Do you think children are more likely to be affected in the third wave?
There is no scientific basis for that. First of all, I do not think we should keep talking about the third wave as if it is definitely coming. The idea should be to prevent the third wave and not wait for it to come.

The situation in Kerala is baffling. It accounts for 70 per cent of Covid-19 cases in India.
I do not want to talk about Kerala specifically. When you have susceptible people and you allow social mixing and mass gatherings where people are not following precautions, then you will see such increase in cases. What is happening in Kerala may happen in other states as well. There is really nothing to stop that from happening....
The big metros were all saturated by the second wave. That is why I believe the risk of this infection spreading now are more in rural areas and in those places where the second wave was not so bad. Those are the places where the people are still susceptible, if they are not vaccinated. So it is important to strengthen vaccination in those areas where sero prevalence was low and strengthen the rural health facilities....
People should not think that because they are vaccinated, they are protected. A lot of research on Delta shows that even if you are vaccinated, the viral load in your respiratory tract will be the same as in an unvaccinated person if you get infected. The big difference is that your chances of getting ill or dying are low compared with an unvaccinated person. But the disease could still be transmitted. This is why the other measures for now are very important.

What’s happening on the vaccine front?
On the vaccine front, the news is good. There is still a lot of research and development going on. There are over a hundred candidates under clinical development. There are intranasal vaccines, oral vaccines and vaccines that can be stored at room temperature. Some of them use technologies that can be scaled rapidly and hence will be very affordable.... There may be new delivery mechanisms. We already have the DNA vaccine. It is not given by an injection. It uses an applicator on the skin which pushes the material into the skin. We are seeing lots of innovations in the delivery system.
We may also think of combinations of an injectable vaccine with an intranasal vaccine. You need both local immunity in the respiratory track and systemic immunity. Combinations could give you that advantage of mucosal as well as systemic immunity.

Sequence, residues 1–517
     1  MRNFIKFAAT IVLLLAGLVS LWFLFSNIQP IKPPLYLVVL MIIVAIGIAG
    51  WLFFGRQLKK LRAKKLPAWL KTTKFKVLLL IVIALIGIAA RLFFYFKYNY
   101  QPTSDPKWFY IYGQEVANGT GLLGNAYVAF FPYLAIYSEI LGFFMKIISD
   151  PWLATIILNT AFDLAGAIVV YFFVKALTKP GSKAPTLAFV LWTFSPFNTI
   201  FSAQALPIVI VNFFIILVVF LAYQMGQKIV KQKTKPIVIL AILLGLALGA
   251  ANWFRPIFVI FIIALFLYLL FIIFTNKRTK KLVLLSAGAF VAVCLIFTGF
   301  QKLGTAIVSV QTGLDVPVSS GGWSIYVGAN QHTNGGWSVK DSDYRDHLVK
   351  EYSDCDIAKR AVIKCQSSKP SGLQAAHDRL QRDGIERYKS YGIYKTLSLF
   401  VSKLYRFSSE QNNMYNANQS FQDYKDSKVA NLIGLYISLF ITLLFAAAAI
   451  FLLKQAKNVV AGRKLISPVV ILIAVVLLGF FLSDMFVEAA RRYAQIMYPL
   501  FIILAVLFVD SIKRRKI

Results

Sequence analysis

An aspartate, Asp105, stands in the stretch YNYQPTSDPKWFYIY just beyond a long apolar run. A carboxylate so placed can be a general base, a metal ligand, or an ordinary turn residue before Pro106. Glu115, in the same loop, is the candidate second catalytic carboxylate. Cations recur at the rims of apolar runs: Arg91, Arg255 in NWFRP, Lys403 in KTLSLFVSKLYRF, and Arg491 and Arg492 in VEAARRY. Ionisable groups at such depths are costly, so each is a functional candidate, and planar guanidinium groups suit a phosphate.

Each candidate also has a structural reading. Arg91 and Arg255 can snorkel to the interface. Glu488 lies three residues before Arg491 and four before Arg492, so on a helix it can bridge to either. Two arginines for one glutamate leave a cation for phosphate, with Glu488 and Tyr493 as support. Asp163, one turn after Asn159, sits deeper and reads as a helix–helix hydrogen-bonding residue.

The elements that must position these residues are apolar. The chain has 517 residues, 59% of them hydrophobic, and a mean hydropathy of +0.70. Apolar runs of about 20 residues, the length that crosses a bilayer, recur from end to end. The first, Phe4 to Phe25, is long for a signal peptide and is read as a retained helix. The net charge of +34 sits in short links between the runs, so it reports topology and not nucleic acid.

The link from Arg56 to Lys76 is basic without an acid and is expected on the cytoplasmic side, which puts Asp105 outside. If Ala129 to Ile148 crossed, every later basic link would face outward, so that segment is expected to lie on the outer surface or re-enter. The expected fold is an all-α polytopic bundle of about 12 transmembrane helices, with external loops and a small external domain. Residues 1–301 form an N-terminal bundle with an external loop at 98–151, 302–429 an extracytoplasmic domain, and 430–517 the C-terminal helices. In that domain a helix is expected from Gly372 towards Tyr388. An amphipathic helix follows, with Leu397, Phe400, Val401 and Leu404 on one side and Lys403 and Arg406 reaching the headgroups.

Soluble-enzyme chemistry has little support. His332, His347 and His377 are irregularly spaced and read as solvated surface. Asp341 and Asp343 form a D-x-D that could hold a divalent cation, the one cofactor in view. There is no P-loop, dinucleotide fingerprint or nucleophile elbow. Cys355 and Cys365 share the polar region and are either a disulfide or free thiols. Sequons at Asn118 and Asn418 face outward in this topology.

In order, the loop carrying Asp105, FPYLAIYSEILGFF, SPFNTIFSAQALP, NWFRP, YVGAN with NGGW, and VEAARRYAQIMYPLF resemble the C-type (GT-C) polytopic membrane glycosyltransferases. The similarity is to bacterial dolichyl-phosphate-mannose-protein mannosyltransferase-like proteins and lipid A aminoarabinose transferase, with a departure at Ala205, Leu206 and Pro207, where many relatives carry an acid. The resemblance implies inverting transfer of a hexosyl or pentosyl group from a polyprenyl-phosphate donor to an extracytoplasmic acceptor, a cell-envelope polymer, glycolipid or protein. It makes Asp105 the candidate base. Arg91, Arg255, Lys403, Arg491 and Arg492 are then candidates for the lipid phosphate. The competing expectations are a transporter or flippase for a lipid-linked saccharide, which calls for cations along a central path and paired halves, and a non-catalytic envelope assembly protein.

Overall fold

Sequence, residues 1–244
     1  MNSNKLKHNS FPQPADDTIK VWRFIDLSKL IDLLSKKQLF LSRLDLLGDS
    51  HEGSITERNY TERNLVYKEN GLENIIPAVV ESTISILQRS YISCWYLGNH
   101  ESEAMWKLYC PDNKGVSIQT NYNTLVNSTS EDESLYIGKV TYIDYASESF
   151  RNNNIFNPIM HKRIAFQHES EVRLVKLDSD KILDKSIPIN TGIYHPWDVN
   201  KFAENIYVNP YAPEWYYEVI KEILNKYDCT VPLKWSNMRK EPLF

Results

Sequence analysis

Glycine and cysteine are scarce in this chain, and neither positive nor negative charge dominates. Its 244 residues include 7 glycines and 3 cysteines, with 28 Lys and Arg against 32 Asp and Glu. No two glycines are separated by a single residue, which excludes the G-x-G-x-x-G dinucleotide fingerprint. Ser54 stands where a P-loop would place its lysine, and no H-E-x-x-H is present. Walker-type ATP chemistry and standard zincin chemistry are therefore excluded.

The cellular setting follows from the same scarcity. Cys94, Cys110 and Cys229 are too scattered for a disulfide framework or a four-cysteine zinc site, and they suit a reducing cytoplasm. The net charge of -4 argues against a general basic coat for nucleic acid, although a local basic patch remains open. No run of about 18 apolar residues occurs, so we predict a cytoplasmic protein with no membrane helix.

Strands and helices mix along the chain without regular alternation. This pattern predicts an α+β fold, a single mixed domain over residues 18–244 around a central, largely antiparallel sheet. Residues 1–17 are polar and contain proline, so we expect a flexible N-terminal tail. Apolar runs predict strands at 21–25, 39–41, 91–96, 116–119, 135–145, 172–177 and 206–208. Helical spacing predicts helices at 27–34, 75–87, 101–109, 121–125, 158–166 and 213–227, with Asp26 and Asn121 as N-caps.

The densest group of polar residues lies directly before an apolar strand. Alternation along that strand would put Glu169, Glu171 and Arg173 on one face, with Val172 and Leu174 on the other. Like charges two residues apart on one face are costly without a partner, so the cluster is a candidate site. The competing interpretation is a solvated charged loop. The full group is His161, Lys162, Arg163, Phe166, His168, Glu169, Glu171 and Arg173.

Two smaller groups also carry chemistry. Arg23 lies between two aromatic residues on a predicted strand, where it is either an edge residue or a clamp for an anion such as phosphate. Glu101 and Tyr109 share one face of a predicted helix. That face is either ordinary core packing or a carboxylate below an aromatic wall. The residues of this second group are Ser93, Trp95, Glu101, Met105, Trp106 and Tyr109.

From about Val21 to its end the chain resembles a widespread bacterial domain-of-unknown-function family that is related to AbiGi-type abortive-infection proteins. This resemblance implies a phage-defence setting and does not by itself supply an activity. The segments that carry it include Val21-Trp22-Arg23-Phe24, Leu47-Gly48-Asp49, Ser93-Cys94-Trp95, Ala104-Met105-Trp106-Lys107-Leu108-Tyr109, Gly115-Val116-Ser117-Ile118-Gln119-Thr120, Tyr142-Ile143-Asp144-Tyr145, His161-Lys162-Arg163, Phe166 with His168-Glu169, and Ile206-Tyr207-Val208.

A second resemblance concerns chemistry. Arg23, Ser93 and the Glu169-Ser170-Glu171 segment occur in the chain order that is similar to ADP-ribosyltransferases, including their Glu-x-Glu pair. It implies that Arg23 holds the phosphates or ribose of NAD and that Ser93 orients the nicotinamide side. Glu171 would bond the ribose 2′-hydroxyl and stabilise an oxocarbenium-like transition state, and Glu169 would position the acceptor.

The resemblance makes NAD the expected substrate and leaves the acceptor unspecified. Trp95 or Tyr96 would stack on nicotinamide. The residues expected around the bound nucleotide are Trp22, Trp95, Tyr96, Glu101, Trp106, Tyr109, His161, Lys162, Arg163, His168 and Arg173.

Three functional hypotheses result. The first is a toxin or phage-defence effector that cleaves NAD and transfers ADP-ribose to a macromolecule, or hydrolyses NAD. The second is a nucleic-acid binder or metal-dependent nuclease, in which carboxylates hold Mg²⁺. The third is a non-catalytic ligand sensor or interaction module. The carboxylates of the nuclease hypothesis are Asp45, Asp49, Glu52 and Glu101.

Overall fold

When is Covaxin likely to get emergency use authorisation?
Hopefully in October. The company has been responsive with all the queries.

Wealthy countries like France have started booster doses. Your thoughts.
Whether or not booster dose should be administered has to be based on science. It should not be a political decision. The decision should be based on studies with different variants on different population....

Some countries have prematurely jumped into giving boosters to their population. WHO follows the data and the evidence. When it is evident that the booster is needed, we will do the needful.
There is also the moral and ethical argument that large parts of the world have unvaccinated people who are dying while in some places booster doses are being given. If the world wants to control the pandemic and reduce the chances of variants emerging, we need to vaccinate everyone. Vaccine supplies right now are limited, even though the private sector claims there will be 11 billion doses by the end of the year. If those doses stay only in rich countries, the problem of pandemic is not going to be over. So we are urging all high-income countries to share their doses now. The WHO director general has called for a moratorium on boosters until the end of this year.
Let’s finish primary vaccination for at least 40 per cent of the world’s population before we think about boosters.

Why is it that only 3 per cent of the African population have been vaccinated? 

There were no supplies for them. Covax has been starved of supplies. High-income countries have bought all the doses from manufacturers. 

Serum Institute of India was supposed to supply 30% of the COVAX supply. That also did not come through in 2021 

Could you tell us a bit more about the gaps and challenges in the rollout of vaccines in Africa? 

Lack of supplies is a major challenge. There are problems in planning, logistics and HR. In low-income countries, there are very few health workers. They may not have cold chains. But they have all made efforts to put in place what is needed. 

What did you miss the most during the pandemic? 

Definitely the human contact. Meeting up with friends and family. 

How do you destress? 

I like being outdoors, particularly walking, cycling or any kind of physical exercise in the outdoors has been my mode of coping in the last 21 months. I also like music. I haven’t much time to read. Being able to connect with friends, even though it is remotely, has been my greatest source of support.